Any player with some real mileage on the odometer, who’s not a newcomer to Fender, will have developed some preferences where the Stratocaster and Telecaster are concerned, and it’s for certain that one of the trade-offs that makes the American Special series possible is a limited set of options. For players who find these guitars chock-full of their favorite features, they’re sure to be more satisfying than for those who gravitate toward different specs. In the interest of full disclosure, this pair of reviewers has to admit we find ourselves a little more in latter camp. We do tend to be more finicky about Strats than Teles—a disposition that is not uncommon. It may be simply the fact that the Tele is in many ways a much simpler instrument, while the Strat has always been, in the succinct words of one of our colleagues, “a delicate balancing act.” We tend to prefer rosewood boards on our Strats, but we like maple just fine on our Teles. Neither of us is crazy about the super-size frets, though we’re more agnostic when it comes to the larger headstocks and the differences between the 2-point and vintage-style tremolo systems.
Both American Specials did require significant setup work upon arrival, but both yielded gracefully to the undertaking. They are as accommodating and playable as any of their like, and the modern C-shaped neck is comfy and familiar. The fretwork is good, and the Texas Special pickups on both guitars obediently delivered the signature tones we were looking for when we plugged them into a Vox AC30CC2. The Strat has plenty of quack in the notched positions; the bridge pickup has just the right amount of cutting bite without the harsh brightness; and the neck pickup offered up a characteristic bluesy swagger. All three are balanced well with each other in terms of output, and they clean up nicely when you roll the Volume knob off. Our only reservation here is with the taper of the Strat’s volume pot, which leaves a little to be desired in terms of its evenness and usefulness for volume swells.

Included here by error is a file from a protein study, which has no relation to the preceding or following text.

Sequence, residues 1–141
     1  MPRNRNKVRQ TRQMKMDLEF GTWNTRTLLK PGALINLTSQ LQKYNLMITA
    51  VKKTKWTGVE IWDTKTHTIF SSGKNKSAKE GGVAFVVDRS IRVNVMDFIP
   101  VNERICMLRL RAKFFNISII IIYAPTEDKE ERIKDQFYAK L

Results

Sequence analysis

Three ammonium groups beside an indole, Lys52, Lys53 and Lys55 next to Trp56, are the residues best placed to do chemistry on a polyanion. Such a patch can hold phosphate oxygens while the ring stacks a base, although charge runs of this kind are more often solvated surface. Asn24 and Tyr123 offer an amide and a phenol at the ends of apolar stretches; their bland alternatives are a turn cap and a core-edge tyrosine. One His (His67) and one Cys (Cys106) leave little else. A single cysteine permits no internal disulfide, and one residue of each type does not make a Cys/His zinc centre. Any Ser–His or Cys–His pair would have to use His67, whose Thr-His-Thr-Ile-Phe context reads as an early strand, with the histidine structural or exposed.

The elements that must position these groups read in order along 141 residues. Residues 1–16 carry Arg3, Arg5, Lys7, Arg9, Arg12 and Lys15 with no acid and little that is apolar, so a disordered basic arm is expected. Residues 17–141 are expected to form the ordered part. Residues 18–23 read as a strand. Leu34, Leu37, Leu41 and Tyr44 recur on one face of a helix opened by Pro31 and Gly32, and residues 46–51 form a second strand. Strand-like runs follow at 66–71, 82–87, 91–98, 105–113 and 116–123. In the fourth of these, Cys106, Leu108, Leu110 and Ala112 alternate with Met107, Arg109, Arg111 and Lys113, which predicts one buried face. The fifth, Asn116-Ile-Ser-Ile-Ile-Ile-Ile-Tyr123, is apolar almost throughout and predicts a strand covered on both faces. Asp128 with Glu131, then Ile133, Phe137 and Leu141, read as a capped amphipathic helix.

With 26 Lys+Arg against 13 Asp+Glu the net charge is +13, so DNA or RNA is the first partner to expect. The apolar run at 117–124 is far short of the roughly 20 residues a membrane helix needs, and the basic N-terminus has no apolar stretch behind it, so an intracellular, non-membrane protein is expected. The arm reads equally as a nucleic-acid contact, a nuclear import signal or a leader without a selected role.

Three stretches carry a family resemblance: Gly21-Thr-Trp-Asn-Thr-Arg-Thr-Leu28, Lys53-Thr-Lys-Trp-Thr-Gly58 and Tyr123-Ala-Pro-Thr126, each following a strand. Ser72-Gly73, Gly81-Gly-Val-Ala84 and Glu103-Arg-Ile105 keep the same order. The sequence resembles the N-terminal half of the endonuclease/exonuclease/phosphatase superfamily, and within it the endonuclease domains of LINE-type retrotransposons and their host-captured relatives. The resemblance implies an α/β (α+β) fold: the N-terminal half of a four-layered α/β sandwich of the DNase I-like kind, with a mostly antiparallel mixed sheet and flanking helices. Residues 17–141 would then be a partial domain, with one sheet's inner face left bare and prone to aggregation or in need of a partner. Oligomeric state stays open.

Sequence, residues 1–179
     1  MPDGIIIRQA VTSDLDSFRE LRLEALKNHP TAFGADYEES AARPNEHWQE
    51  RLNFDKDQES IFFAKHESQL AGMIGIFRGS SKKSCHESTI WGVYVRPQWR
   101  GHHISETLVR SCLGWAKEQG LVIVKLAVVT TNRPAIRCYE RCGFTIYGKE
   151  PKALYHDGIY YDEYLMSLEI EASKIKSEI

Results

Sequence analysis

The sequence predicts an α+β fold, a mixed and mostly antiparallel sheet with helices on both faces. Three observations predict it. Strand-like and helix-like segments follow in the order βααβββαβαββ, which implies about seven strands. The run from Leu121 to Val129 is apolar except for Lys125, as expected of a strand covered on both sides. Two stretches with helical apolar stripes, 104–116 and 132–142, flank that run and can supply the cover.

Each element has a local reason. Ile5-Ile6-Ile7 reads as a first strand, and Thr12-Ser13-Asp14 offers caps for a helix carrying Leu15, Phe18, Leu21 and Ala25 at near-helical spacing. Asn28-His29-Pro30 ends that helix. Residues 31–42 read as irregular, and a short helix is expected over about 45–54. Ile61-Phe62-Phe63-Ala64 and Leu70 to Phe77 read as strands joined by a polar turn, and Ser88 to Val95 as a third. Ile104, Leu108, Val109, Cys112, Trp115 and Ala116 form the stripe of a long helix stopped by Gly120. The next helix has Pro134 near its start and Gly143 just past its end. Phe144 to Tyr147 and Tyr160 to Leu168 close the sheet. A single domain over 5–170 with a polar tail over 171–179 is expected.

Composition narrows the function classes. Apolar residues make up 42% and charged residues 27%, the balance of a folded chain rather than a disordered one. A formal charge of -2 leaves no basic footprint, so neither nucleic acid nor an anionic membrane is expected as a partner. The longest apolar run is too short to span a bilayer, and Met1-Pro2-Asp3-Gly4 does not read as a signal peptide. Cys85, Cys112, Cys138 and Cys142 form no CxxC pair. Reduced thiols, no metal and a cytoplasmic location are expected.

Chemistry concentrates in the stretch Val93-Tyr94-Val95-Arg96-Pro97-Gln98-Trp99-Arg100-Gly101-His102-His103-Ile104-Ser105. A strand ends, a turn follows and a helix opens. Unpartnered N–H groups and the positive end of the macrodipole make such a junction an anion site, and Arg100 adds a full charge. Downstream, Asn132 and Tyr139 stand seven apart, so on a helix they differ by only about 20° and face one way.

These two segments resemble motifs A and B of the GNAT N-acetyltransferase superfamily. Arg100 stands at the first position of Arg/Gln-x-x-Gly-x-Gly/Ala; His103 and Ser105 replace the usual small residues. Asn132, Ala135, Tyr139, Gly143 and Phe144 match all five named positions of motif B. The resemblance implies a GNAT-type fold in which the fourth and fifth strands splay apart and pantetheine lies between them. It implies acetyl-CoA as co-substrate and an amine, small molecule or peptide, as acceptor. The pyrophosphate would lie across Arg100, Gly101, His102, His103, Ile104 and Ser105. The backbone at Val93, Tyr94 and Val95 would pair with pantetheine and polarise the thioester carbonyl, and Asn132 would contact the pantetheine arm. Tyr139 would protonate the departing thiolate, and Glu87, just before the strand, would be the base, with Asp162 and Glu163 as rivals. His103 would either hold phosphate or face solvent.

Like the Strat, the American Special Tele’s pickups are on the hot side, with plenty of sizzle. They too are well balanced, though they tend much more toward modern sounding even with the traditional bridge. The brass saddles do seem to provide all the snap and bite we like to hear in a Telecaster, and they didn’t frustrate our efforts to achieve a workable intonation. We didn’t like the sound of the bridge pickup with the Volume and Tone knob maxed (a go-to setting for both of us) as much as we wanted to, but we have to admit we’ve been fairly spoiled by the sound of the Mexican-made Road Worn ‘50s Telecaster we acquired last year. It has bona fide vintage tone and a degree of subtlety and tonal versatility that’s hard to compete with. Despite that, the American Special Telecaster does have what it takes to satisfy many, if not all, Tele afficionados.
The Final Mojo
We found the build quality, fit and finish of the American Special Stratocaster and Telecaster to be on a par with many of Fender’s top Mexican-made offerings, but we can’t say they’ve exceeded them. For the price, that means a good, solid value—provided buyers aren’t set on having a wider variety of options available to them. Those who do know exactly what they want in an über-reliable Fender axe would probably do well to consider the long-term benefits of stepping up to an American Standard, even if it means a little more money.
these specs make your heart go pitter-patter, and a “Made in the U.S.A.” label is essential.